Unable to bring the prices down due to mounting debts with banks and rising land prices due to its shortage, developers have resorted to luring buyers with gifts like new phones and gold coins, free air-conditioning units, exemption of stamp-duty, etc., all absorbed into the pricing. Further, where parking space is precious and is sold to flat owners at an additional cost, these are offered for free to the informed buyer who is all too wary of property investments today.

Sumchit Anand, Founder, Managing Director, of Acquisory Consulting LLP advises, “The 20-80 scheme is the best at this point, wherein you pay 20 per cent now and the balance on possession of the apartment.” On analysing the buying trend he adds, “Sales are only happening where the project has reached a reasonable level, say 70-80 per cent and/or the project has achieved financial closure.” It is easier to invest in a project that is underway, and people usually do their homework on a real estate company’s reputation for timely debt payments and delivery of projects.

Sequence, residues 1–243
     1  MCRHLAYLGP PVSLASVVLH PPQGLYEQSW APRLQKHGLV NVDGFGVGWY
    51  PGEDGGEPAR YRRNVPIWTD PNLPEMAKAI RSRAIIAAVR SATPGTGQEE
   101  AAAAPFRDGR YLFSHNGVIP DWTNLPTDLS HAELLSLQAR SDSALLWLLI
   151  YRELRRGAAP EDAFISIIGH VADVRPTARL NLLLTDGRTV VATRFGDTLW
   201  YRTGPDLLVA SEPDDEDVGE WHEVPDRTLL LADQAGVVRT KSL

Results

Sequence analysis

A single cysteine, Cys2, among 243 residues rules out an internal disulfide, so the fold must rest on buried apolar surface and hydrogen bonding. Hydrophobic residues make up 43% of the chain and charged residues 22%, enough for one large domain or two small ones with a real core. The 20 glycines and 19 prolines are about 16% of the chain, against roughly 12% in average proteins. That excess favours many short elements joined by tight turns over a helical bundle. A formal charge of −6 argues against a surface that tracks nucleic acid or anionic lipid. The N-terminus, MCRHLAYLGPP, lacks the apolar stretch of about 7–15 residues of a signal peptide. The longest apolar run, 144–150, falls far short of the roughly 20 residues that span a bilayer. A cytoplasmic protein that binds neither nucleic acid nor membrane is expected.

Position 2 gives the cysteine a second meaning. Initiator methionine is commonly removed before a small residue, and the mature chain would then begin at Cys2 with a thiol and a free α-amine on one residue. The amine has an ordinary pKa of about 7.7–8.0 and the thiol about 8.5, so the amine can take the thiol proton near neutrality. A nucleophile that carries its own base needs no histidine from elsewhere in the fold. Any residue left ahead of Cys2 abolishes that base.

It is questionable why a city like Mumbai that has a massive inflow of professionals, lacks pure rental units. It generates 10 per cent of India’s factory employment, 25 per cent of industrial output, and 40 per cent of India’s foreign trade, and ₹4,000 crore (US$888 million) in corporate taxes — enough reason to attract migrants in throngs who increase the demand of rental properties.

Das says, “Mumbai’s developers don’t see benefits from investing in rental housing schemes. Where the rental yield for residential properties is roughly calculated to be between two and three per cent, commercial properties fetch a 10 to 11 per cent profit margin. Residential projects in India depend on capital gain. This can be worked upon if a developer is given government incentive such as free land.”

Besides, the average mindset of any Indian family emphasises on owning a roof, as opposed to renting one. They perceive this as a safety net should financial inflow go awry. Until then, it remains a dream for many to be able to buy property in Mumbai, especially those from other cities, for life in India’s financial capital is a coveted one for the new generation.

When in Bombay… 

Gateway of India, Mumbai (iStock)

Take a ferry from the Gateway of India (est. 1924) in Colaba in South Mumbai to Elephanta island. The 45-minute sail drops you off at the Hindu and Buddhist caves with sculptures of deities that date from the fifth to eight centuries.